May 10, 2011

The new attention economy

Posted by: in North America

What the price for the attention of the digitally distracted? Two months ago NBC paid out $2 to watch a 30-second trailer for America’s Next Great Restaurant, an offer made to people buying LivingSocial deals. This followed a “buy one, get one free” burrito coupon for Chipotle, awarded to people who watched the same ad on NBC’s Facebook page (Chipotle’s CEO was a judge on the reality contest). Now Facebook is equating the price of attention with Facebook Credits. Watching an ad in a Facebook game earns one Credit, worth 10 cents, which can be redeemed for virtual goods; as Inside Facebook reports, the aim is to get users accustomed to Credits, thus helping developers monetize more game players.

The idea of paying viewers to watch ads in games is not new. When Jun Group, a social video company, started doing it around two years ago, “the results blew us away,” CEO Mitchell Reichgut said in a recent Ad Age column, “Why Everyone Is Going to Start Paying Consumers to Watch Video Ads.” On the more skeptical end of the spectrum, Fast Company warns that “rewarding behavior that would otherwise be done for free can backfire.”

Apps that are free with advertising versus paid without is another way in which the price of consumer attention to ads is being quantified. And last month Amazon released an ad-supported Kindle that’s $25 less ($114) than the regular version, lowering the barrier to entry for the device. A CNET reviewer deemed it an appealing option (“Much to my own personal horror, the ads didn’t bother me at all”). If the so-called Kindle with Special Offers takes off, watch for more subsidized hardware, from phones to tablets—and a growing cohort of consumers who come to expect a little something for their time.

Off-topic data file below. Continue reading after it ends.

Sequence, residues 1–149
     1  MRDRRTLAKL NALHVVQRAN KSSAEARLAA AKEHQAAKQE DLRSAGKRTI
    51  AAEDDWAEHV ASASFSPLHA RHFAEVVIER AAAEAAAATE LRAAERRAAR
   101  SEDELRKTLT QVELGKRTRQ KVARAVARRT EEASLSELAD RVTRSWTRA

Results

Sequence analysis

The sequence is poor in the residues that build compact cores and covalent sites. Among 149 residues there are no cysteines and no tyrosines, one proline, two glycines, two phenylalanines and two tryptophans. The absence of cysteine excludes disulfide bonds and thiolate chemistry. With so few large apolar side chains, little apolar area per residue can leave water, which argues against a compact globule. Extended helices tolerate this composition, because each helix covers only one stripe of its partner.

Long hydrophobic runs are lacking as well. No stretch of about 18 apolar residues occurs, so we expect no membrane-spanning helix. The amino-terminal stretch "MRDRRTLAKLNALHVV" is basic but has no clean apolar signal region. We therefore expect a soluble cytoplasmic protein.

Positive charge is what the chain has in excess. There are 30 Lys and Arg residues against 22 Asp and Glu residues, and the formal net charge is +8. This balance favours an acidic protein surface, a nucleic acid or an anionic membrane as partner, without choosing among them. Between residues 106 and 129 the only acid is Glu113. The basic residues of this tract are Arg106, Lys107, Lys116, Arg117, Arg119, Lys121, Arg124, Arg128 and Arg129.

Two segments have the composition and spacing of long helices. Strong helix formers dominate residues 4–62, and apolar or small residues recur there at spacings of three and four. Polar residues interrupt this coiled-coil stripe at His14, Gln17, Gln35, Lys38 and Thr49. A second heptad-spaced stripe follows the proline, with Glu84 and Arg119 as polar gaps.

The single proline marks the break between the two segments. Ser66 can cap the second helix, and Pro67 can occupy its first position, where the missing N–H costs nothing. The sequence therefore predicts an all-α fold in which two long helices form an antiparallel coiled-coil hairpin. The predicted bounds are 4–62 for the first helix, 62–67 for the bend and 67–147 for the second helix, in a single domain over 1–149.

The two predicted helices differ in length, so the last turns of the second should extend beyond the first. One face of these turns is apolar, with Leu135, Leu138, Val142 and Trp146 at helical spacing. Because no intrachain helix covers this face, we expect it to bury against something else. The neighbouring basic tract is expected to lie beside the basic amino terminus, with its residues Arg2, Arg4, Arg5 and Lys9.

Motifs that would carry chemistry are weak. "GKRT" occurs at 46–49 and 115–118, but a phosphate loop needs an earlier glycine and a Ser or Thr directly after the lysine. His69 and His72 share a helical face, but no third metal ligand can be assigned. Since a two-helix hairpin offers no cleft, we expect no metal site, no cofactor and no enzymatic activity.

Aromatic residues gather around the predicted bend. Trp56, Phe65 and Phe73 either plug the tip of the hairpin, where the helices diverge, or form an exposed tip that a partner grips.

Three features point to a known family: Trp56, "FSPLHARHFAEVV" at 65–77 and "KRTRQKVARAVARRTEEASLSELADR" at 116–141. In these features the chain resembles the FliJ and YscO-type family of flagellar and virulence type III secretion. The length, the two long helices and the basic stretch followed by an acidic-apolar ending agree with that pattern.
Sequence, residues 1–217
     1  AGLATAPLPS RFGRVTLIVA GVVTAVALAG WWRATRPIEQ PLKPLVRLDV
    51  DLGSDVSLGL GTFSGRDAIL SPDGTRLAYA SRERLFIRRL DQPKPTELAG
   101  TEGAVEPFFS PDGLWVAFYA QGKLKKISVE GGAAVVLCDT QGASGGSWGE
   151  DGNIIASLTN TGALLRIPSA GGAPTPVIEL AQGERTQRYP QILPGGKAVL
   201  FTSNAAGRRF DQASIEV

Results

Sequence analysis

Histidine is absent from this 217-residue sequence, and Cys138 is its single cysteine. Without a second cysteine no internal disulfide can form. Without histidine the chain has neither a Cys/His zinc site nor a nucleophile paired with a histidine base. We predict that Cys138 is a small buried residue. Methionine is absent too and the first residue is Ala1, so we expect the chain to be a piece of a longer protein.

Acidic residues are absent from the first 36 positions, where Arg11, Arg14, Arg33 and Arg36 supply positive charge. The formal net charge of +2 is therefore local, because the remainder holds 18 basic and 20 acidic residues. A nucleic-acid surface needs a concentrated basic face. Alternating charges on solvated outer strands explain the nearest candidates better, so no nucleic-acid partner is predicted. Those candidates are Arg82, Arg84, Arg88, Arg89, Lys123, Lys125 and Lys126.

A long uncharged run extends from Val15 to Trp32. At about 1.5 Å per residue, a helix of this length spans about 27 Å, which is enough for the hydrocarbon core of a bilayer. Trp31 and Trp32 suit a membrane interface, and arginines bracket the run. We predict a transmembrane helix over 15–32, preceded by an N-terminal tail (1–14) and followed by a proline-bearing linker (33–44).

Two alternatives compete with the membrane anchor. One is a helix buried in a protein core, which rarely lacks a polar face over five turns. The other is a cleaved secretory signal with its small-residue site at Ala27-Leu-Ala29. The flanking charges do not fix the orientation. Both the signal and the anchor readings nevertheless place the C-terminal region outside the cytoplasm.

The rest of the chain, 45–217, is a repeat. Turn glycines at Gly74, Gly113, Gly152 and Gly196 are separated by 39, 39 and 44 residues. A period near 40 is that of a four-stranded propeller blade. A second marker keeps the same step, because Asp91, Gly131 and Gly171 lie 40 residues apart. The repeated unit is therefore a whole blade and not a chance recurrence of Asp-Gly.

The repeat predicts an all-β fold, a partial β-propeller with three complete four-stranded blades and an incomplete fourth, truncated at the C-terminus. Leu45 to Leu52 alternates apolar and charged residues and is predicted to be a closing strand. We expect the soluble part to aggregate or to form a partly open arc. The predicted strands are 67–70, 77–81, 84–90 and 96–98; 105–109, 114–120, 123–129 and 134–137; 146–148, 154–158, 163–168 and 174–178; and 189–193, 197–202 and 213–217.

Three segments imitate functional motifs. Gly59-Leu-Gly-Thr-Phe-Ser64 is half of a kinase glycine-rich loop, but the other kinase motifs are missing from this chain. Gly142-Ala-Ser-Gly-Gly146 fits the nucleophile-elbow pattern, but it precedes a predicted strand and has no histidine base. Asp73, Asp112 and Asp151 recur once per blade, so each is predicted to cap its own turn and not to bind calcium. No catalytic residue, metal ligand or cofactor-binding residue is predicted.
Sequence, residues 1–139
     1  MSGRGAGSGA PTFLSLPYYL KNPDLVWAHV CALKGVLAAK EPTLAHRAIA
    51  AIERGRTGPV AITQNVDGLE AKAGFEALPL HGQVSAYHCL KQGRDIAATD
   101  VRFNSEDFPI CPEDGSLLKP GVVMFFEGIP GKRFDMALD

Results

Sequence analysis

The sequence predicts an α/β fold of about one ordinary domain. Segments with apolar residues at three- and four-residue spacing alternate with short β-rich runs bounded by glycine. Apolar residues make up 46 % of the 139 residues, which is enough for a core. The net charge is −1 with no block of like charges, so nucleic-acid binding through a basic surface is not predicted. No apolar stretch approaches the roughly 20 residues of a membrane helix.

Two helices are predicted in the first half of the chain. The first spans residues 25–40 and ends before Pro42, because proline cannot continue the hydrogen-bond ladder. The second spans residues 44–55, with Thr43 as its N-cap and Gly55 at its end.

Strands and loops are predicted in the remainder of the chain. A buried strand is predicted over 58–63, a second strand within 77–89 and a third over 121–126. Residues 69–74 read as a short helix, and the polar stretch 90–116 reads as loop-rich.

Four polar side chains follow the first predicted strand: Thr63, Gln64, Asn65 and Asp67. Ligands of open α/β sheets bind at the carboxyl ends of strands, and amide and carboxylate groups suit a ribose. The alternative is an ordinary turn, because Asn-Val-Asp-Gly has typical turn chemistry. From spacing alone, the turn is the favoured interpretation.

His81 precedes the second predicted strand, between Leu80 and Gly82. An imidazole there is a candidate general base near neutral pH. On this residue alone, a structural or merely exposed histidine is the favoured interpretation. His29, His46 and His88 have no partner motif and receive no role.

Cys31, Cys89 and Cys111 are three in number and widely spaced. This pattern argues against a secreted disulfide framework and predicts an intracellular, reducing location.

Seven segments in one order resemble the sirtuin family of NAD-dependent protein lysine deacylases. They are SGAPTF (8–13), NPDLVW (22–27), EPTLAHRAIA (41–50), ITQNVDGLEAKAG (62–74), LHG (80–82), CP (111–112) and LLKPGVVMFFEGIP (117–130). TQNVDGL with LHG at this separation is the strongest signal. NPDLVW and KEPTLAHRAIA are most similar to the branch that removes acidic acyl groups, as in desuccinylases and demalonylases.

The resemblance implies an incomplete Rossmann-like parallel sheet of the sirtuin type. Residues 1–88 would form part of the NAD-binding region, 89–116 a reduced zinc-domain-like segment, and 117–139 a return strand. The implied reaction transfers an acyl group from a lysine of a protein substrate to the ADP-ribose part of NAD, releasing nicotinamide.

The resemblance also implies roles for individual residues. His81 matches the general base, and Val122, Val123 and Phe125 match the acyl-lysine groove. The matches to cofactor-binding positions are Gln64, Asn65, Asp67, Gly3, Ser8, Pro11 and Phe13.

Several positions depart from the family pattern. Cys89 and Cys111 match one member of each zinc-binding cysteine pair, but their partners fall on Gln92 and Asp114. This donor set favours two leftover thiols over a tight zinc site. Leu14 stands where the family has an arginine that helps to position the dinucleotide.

Photo credit: Rennett Stowe

1 Response to "The new attention economy"

1 | Craig Elimeliah

May 10th, 2011 at 10:11 am

Avatar

This concept is one that will redefine advertising as we know it. Making micro buys on individuals and the vast networks they are now part of makes for a much smarter use of ad dollars. When I started Pushkart the core of the idea was to pay consumers with deals so that they may endorse products and services they love.

The consumer is the new voice of advertising and that voice carries a lot of weight in purchasing influence.

Spending ad dollars on the individual rather than the masses makes perfect sense with the infrastructure we have in place today.

Every person is now a channel and can extend a brand communication deeper and in a more personal way than any other medium.

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